As of last week, the county had issued warnings to 30 separate businesses, as well as six notice of violations, and three businesses were forced to close for egregious violations of the public health order.

The county attorney’s office refused to provide further information about what those violations were for and by whom, citing that it is privileged information.

The Aspen Times has requested that information be released under the Colorado Open Records Act and is awaiting a response by the county.

According to Natalie Tsevdos, the city of Aspen’s senior environmental health specialist, compliance among Aspen businesses is at almost 80%.

That means restaurants are adhering to capacity limitation, spacing of tables, social distancing measures, sanitizing practices and other requirements of the county’s public health order and business safety plan.

Team approach

Garrigus and Sear are part of a four-person Aspen Health Protection Team, which includes Tsevdos as the manager and Mitch Osur, the city’s director of downtown services and parking.

The county has four consumer protection specialists, and another one is expected to be hired in the coming weeks. Daugherty serves as the manager of the team.

The Aspen team is focused within the city limits but county members work within Aspen and the rest of the county.

Tsevdos said her team works with the county to help ensure COVID safety for the community mostly through an education and support-based approach.

Before the Halloween and New Year’s holidays, the team did targeted in-person outreach and sent written communications to restaurants and events-related companies, such as valets.

During the holiday season, the team spent more time on complaint investigation and response, as well as making and documenting observations, which sometimes included past curfew.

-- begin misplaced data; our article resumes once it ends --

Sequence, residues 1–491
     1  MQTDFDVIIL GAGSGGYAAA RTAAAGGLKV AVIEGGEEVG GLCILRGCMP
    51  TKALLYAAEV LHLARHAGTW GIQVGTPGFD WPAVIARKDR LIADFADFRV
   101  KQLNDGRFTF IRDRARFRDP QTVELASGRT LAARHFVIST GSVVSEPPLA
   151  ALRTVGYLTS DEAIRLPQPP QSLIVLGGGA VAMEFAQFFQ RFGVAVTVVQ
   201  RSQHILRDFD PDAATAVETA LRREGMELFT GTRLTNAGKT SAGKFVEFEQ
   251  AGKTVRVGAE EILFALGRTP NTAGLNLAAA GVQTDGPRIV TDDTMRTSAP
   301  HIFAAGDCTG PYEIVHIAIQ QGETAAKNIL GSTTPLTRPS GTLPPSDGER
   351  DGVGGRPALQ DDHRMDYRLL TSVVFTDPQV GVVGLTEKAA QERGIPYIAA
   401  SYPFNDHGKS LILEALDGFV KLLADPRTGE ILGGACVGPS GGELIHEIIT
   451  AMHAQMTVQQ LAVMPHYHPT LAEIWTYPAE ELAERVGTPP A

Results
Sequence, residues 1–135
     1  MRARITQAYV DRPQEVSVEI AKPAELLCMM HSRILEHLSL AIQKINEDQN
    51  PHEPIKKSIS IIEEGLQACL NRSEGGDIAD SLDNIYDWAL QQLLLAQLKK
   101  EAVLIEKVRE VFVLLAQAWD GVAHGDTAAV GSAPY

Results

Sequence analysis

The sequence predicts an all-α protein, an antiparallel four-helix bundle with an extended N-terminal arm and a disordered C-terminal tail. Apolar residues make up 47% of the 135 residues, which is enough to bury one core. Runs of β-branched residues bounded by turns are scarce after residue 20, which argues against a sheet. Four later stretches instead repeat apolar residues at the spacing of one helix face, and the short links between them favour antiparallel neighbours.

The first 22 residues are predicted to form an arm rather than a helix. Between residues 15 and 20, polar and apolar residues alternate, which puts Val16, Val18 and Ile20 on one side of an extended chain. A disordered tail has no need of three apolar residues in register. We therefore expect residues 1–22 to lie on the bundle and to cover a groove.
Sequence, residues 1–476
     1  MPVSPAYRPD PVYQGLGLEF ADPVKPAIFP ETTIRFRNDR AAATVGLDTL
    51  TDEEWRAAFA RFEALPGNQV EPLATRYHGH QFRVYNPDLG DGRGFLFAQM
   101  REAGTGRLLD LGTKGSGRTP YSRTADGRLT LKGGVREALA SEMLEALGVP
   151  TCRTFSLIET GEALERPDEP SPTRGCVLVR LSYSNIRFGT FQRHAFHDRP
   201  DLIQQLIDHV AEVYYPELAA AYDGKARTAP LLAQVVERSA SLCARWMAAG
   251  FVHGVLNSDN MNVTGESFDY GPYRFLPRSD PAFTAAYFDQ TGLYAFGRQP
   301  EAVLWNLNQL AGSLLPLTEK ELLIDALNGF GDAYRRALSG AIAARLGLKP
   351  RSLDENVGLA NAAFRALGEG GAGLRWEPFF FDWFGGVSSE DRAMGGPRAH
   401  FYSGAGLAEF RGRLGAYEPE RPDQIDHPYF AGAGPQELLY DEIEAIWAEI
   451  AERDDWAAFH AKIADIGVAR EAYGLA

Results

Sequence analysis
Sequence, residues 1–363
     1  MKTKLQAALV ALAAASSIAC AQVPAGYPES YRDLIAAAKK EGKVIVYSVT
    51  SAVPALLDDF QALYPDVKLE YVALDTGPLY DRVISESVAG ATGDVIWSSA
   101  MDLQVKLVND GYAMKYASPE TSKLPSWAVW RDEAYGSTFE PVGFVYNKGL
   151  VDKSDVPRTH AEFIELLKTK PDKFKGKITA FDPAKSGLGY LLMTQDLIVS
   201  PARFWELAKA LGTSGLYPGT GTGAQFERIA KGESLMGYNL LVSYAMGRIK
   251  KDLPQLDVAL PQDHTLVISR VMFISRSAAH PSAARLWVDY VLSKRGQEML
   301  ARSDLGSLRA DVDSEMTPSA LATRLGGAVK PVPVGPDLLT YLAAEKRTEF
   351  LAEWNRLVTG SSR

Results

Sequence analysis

Compliance on Halloween and over the New Year’s holiday weekend was high with mostly minor violations being observed, Tsevdos noted in a memo to Aspen City Council.

On Tuesday during council’s work session, she will make a presentation and update elected officials on the team’s efforts since it was established late last summer.

Council agreed to spend $200,000 for the program as part of its COVID-19 response and recovery program.

The county’s budget for public health COVID staffing from July 2020 through December 2021 is $1.7 million, which includes contact tracers, consumer protection specialists, supervisors, administrative support and other related costs, according to Connie Baker, budget director for Pitkin County.

Sear, who previously worked as a manager at Aspen Sports, and Garrigus, who was a manager at Lululemon, said they enjoy building relationships with representatives of Aspen businesses and focusing on customer service.

“I always joke that my customers used to be the tourists, now my customers are the businesses,” Sear said.

Garrigus said she was at Lululemon when most of the local economy shutdown in March after the first outbreak of COVID-19 hit here. Having an outreach team is key to the success of containing the virus, she added.

“Just seeing the need for information and not knowing what was going on and there is so much information out there and we wanted to know what the best avenue was to get it,” Garrigus said of those early pandemic retail days. “It’s been so cool to be on the flip side and be able to help.”

And with public health orders and rules changing so quickly, the consumer protection teams are focused on businesses being able to pivot on a dime.

Sear estimated that between a half-dozen to a dozen restaurants plan to operate outdoor during the Red level restrictions.

“Our main goal is getting the information out as soon as we get it so they can make business decisions,” Sear said.

csackariason@aspentimes.com